Of all of Henry VIII’s six wives, the most beautiful was probably the nubile Catherine Howard. Henry called her his “rose without a thorn”. But she doesn’t appear to understand how her behavior affected others and was easily manipulated by her family. Catherine managed to make a cuckold out of old Henry VIII and it did not end well for her.
By the time of his divorce from Anne of Cleves, Henry’s fourth wife, his health was in a terrible state. He was grossly overweight. He suffered debilitating headaches and his legs had thrombosis which caused ulcerous, open sores creating stabbing pain and oozing a malodorous stench. Various medical theories have been put forth such as diabetes, Cushing’s disease or McLeod syndrome which could have caused Henry’s myriad of symptoms and increasingly unstable personality. Henry probably realized at this time there was no chance of him having any more children but he still held out hope of another child and didn’t want to be without a wife.
Catherine’s birth date is a matter of controversy but the latest research indicates a date of 1521/22. Her father, Edmund Howard, was the son of Thomas Howard, the second Duke of Norfolk, making her the first cousin of Anne Boleyn. Her mother was Jocasta “Joyce” Culpeper. Because the Duke of Norfolk had many children, Catherine’s father literally had no inheritance and was reduced to begging for funds just to get by. It was a common practice at the time to send the children of noblemen to live in other noble homes. Catherine was placed under the supervision of her step-grandmother, the Dowager Duchess of Norfolk, at Horsham and Lambeth, and given an education. She was not well educated but did learn to read and write. She also had music and dancing lessons along with all the other girls in the household.
It was during her time with her step-grandmother that Catherine had encounters with two young men. Henry Manox was summoned to Lambeth to teach the young ladies virginal and lute. He was immediately smitten with Catherine and probably wanted to marry her. Witnesses say they were seen in embraces and kisses. Eventually Manox got a teaching job in another household and the affair tapered off. She also met one of the gentlemen retainers of the household, Francis Dereham. This affair was more serious than the Manox incident. Other women in the dormitory where they slept witnessed Dereham in Catherine’s bed, having carnal relations. Catherine and Francis may have agreed to marry each other before her step-grandmother put a stop to the relationship in 1539.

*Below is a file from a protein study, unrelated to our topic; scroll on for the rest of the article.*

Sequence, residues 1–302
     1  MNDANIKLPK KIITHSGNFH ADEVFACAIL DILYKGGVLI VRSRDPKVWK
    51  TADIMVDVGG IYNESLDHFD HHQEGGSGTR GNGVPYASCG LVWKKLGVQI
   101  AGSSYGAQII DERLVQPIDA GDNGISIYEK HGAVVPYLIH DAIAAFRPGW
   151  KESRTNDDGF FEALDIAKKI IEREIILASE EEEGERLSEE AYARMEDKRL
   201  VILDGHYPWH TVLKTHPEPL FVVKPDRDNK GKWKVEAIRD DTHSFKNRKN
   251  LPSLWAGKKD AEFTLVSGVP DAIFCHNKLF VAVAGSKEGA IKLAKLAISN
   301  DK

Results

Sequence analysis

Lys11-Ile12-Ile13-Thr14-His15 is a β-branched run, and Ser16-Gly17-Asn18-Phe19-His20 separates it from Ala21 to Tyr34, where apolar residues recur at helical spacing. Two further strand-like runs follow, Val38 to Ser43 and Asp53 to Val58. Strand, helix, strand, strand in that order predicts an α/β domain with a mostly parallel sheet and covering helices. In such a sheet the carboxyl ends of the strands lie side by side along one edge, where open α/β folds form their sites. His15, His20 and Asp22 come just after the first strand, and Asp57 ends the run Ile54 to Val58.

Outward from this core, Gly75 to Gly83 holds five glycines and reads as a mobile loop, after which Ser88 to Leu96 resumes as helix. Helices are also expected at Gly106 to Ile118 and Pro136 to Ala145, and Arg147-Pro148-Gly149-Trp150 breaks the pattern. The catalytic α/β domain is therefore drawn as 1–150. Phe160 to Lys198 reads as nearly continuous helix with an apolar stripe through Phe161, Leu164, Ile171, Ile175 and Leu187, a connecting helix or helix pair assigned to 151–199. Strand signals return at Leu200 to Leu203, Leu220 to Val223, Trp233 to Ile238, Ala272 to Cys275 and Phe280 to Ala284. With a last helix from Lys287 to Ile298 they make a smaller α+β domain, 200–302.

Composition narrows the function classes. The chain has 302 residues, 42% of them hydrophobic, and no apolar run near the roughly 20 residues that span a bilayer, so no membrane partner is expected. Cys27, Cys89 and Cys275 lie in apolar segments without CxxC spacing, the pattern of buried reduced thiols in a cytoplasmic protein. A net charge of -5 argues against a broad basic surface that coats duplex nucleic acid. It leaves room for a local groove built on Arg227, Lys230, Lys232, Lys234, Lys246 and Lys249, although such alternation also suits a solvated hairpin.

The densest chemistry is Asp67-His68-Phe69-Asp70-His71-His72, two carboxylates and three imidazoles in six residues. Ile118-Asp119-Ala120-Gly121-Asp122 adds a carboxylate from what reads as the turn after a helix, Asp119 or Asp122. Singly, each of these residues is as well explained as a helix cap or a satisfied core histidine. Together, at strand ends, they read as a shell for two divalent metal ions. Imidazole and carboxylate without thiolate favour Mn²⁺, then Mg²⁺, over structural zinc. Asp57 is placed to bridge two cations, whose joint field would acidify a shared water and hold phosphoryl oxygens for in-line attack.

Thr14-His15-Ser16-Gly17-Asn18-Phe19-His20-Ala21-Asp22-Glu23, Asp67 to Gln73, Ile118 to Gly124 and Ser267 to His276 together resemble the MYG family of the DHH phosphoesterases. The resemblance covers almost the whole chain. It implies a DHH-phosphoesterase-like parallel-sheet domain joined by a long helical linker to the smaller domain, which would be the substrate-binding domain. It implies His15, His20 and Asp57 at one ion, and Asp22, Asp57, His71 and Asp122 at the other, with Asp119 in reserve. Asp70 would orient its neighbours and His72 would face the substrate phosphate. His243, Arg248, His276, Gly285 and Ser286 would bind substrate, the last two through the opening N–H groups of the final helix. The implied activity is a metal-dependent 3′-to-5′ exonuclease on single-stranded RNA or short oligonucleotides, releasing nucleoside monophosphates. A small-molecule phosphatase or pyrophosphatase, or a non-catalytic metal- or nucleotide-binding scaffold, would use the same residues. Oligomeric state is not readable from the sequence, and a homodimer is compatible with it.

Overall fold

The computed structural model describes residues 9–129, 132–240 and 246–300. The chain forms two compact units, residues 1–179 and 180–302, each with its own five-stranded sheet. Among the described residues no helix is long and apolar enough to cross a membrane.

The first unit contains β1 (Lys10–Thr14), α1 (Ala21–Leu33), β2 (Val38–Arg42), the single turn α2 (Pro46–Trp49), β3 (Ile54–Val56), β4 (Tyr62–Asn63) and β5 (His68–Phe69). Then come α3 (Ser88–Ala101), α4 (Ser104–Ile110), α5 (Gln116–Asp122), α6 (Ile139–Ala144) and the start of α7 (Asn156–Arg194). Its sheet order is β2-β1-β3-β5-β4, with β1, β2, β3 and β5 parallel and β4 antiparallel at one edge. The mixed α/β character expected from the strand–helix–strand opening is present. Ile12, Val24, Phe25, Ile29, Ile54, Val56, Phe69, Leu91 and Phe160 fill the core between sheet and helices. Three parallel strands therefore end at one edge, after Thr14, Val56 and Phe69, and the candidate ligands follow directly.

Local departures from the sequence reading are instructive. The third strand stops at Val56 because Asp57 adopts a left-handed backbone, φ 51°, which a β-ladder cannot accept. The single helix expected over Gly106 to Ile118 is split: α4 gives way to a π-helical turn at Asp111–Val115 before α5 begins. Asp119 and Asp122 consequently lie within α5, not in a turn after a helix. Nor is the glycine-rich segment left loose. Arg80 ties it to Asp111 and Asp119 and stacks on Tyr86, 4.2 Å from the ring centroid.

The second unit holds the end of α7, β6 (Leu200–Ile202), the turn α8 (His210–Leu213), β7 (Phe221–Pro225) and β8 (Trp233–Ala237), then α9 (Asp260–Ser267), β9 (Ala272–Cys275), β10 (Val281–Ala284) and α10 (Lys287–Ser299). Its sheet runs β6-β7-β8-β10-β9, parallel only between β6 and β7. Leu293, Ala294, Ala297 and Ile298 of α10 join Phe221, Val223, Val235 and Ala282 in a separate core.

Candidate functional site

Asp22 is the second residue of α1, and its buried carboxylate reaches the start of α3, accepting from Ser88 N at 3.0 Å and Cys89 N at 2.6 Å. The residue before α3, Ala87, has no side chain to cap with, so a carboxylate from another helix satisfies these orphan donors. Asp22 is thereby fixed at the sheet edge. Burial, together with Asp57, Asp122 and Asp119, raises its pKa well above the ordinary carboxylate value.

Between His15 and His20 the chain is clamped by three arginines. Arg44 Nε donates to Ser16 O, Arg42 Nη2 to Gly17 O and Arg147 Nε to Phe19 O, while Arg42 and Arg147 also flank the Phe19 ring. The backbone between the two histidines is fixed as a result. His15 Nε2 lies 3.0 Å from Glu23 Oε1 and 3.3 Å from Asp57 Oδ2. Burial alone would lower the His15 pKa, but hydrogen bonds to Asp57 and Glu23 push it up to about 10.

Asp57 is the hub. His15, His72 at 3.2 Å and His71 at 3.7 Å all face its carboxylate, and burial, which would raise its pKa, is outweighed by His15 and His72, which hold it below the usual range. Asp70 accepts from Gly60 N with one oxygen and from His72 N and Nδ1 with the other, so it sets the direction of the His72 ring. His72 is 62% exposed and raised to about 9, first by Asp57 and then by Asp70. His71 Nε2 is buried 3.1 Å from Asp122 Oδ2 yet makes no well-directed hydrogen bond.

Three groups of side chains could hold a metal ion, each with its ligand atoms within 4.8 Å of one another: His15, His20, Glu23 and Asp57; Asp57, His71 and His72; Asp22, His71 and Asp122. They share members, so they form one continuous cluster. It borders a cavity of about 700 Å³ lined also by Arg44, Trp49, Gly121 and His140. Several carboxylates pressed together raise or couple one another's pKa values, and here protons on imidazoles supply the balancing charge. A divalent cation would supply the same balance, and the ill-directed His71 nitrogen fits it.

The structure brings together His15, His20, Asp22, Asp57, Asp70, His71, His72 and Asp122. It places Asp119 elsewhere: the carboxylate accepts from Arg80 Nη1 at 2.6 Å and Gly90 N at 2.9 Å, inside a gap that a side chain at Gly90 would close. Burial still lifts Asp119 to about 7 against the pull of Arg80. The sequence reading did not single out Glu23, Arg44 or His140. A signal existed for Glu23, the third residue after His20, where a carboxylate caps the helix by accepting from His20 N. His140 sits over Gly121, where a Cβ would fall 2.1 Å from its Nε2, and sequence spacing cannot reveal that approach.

Catherine’s uncle found her a position as lady-in-waiting to Anne of Cleves and this is when Henry noticed the beautiful eighteen year old woman. The Howard family was actively advocating for Catherine to marry the King. By the time Henry had procured the amiable divorce with Anne of Cleves on July 9, 1540, he had already decided Catherine would be his next wife. The marriage took place on July 28th. Catherine and her family were gaining influence and power and Henry showered them with gifts of land, money and jewels.
By early 1541, it is believed that Catherine began a sexual relationship with Thomas Culpeper, a favorite courtier of Henry’s. She had become acquainted with Thomas while a lady-in-waiting for Queen Anne and may have considered marrying him before Henry took notice of her. In the summer of 1541, Henry and Catherine toured northern England. While on this tour, Catherine and Culpeper had secret assignations with the help of her lady-in-waiting, Jane Boleyn, the widow of Anne Boleyn’s brother, George. By the time the court returned to London, rumors of Catherine’s indiscretions prior to her marriage to the King were beginning to surface. Catherine’s alleged adultery with Culpeper eventually came to light also and the Archbishop of Canterbury, Thomas Cranmer, wrote a letter to Henry, telling him the truth about his Queen.
Henry was devastated. He asked Cranmer to investigate. Dereham and Culpeper were most likely tortured in the Tower of London and confessed to adultery with the Queen. Cranmer found a love letter from Catherine to Culpeper so they had definitive proof of her adultery. Catherine was charged with treason and she was confined. She confessed to not being worthy of being the King’s wife but never to being unfaithful to the King. She also denied any pre-contract of marriage with Dereham and insisted he had raped her.
The alleged pre-contract with Dereham allowed Archbishop Cranmer to annul her marriage to Henry and she was stripped of her title as Queen in November of 1541. Dereham and Culpeper were executed at Tyburn in December. Catherine languished under arrest until Parliament passed a Bill of Attainder against her in February, 1542. This legislation declared Catherine guilty without benefit of a trial. She was found guilty of treason for not revealing her sexual relationships prior to her marriage to Henry.
The night before her execution, it is said Catherine practiced laying her head on the block. Although she was terrified and had to be helped up the scaffold, it is said she died with dignity. She was beheaded with one stroke on Tower Green at the Tower of London and buried in the chapel at St. Peter Ad Vincula.
Further reading: “Catherine Howard: The Queen Whose Adulteries Made A Fool of Henry VIII” by Lacey Baldwin Smith, “ Henry VIII: The King and His Court” by Alison Weir, “The Tudors: The Complete Story of England’s Most Notorious Dynasty” by G.J. Meyer